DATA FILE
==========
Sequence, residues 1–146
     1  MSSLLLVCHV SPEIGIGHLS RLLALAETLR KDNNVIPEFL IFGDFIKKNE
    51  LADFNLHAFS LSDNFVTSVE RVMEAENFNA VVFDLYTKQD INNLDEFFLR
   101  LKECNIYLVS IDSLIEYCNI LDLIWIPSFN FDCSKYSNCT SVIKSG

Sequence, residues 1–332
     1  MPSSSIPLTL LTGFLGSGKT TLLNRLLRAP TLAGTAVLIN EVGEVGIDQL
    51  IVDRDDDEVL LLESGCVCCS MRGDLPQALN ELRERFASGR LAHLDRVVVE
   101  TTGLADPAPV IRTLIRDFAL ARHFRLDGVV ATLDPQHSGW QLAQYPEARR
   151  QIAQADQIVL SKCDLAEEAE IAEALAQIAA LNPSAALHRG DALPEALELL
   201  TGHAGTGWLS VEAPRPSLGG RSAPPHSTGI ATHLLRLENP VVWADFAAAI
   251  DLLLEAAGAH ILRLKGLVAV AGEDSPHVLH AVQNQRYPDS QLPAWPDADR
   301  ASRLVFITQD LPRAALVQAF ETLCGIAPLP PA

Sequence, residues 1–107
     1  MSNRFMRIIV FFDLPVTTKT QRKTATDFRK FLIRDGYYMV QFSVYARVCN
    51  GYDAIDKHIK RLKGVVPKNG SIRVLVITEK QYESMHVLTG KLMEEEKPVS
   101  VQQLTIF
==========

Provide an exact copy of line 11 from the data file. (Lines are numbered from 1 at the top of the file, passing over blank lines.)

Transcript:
   251  DLLLEAAGAH ILRLKGLVAV AGEDSPHVLH AVQNQRYPDS QLPAWPDADR